But we've also seen some progressive movement on marriage equality within the GOP. The marriage bill in New York passed in a Republican-controlled Senate. Ileana Ros-Lehtinen, a Florida congresswoman with a transgender son and a record of favoring LGBT rights, became the first GOP cosponsor of a bill introduced to repeal DOMA. Even some Republican congressional arguments against marriage equality have gone from full-throated to perfunctory, if a Senate Judiciary Committee hearing last fall on DOMA was any indication.

And yet the raft of rhetoric during the presidential primary campaign slog — the anti-gay marriage pledges, the "strengthening the family" talking points — is the real window into the soul of the GOP, Pelosi says. And no surprise, she's not surprised by what she sees. "It's pretty self-evident. This is who they are," she says of Republicans. "Are they so bankrupt of ideas that they have to continue the DOMA cases?"

Criticism of Barney Frank from gay Republicans especially sets her off. "Oh, but what about them?" she snaps. "He chooses a party that supports his values. They've chosen a party that supports their income — a party that denigrates them and treats them with disrespect."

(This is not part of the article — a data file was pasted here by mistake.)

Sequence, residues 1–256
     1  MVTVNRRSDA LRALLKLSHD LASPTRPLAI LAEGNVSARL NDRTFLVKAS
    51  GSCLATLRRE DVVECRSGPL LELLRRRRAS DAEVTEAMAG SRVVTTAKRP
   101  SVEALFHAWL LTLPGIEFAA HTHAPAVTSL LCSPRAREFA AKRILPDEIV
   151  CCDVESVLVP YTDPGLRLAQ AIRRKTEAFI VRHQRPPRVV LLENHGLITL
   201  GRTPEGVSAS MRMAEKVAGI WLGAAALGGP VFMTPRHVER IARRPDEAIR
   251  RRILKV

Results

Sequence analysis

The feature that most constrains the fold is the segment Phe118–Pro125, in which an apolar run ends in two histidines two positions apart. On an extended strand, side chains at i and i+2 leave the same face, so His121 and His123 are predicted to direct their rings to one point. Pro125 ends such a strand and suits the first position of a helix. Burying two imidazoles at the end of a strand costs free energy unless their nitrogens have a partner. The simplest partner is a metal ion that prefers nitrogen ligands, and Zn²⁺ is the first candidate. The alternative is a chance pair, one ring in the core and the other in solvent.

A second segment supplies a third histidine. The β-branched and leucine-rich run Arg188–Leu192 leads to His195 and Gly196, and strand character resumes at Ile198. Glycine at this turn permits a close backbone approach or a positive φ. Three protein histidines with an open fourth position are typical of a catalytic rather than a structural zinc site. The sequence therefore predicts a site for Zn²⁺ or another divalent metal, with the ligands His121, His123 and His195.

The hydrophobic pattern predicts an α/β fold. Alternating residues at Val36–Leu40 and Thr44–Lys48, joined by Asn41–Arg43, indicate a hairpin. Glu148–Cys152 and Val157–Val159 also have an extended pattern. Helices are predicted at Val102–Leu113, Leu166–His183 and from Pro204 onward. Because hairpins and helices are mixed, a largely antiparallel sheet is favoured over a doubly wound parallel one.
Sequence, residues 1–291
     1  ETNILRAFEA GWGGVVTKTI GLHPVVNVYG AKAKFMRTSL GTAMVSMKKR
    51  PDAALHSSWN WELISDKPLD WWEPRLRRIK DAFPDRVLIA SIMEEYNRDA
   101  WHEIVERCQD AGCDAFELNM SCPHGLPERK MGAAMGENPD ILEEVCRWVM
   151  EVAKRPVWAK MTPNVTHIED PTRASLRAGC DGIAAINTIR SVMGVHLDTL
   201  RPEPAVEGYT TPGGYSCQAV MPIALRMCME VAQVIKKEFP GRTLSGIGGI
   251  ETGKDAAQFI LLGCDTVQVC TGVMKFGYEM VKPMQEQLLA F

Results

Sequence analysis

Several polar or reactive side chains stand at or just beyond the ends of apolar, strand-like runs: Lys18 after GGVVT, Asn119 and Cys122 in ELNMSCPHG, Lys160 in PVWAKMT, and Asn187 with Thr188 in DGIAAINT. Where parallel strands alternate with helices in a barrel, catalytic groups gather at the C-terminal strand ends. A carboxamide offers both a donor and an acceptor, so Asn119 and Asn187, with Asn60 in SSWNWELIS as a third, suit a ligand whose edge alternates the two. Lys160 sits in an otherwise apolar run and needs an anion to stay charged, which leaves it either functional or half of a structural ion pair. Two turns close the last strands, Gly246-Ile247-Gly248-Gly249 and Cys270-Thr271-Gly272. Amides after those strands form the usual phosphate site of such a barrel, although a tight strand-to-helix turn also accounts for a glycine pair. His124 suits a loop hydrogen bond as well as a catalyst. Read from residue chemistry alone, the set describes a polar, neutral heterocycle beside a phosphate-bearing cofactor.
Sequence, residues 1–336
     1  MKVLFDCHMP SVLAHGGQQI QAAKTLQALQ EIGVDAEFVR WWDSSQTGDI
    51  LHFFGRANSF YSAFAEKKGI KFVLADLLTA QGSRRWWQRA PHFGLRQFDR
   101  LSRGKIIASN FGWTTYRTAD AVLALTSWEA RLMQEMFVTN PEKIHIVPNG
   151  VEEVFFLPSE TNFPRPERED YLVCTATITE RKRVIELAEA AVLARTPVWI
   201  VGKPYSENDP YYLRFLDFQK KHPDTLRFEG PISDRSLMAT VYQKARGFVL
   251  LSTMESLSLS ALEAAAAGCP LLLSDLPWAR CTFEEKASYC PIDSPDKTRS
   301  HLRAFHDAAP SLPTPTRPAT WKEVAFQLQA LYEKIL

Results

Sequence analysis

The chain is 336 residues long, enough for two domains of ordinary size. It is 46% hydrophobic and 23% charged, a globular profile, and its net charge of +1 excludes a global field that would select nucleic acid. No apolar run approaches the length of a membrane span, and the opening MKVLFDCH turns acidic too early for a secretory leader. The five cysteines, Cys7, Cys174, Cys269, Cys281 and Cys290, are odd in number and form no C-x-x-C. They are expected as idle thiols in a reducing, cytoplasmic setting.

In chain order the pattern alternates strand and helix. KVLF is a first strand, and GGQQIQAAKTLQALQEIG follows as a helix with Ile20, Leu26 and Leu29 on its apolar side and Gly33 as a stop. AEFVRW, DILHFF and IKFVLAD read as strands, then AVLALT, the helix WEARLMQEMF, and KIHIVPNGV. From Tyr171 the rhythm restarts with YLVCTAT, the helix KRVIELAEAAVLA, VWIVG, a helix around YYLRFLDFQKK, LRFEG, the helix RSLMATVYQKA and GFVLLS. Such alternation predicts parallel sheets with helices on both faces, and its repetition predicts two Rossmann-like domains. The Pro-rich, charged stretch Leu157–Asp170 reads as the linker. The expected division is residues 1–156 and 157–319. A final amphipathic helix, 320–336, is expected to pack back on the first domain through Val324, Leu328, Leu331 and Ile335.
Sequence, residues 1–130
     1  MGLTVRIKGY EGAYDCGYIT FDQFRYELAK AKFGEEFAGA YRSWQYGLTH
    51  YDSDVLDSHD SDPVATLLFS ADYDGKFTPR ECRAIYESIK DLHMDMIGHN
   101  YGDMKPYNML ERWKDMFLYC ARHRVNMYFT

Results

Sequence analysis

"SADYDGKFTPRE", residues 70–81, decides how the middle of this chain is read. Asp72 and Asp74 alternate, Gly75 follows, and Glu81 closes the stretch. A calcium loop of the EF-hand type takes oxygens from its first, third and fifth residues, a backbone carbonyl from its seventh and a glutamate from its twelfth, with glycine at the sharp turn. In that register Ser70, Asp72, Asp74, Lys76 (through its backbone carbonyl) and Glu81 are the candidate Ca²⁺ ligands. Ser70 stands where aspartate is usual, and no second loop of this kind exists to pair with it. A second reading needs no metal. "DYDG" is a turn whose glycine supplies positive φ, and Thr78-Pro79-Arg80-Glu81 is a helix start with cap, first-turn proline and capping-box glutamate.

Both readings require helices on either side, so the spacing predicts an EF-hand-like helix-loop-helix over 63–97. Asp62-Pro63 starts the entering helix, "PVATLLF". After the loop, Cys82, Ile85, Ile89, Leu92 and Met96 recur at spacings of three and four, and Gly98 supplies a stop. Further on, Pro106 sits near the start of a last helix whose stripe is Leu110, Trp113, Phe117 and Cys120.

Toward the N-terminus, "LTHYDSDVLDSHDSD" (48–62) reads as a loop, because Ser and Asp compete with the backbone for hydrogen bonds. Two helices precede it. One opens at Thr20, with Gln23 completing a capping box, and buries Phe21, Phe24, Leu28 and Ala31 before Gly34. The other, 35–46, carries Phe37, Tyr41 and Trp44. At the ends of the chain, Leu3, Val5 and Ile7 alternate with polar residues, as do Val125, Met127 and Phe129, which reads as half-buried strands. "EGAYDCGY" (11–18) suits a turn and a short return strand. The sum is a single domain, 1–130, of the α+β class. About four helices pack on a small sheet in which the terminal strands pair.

The legislative victories during the first two years of the Obama administration, when Democrats controlled both houses of Congress, were not as numerous as many advocates had hoped and deserved. Looking back, just how full is the glass? How is it that gay people can now serve openly in the military, risking death in combat, yet can be fired in the private sector for no other reason than for being out? Can one put full faith and trust in any politician to protect against such abhorrence, or will any further remedy be the domain of the courts, as the president himself has predicted regarding DOMA?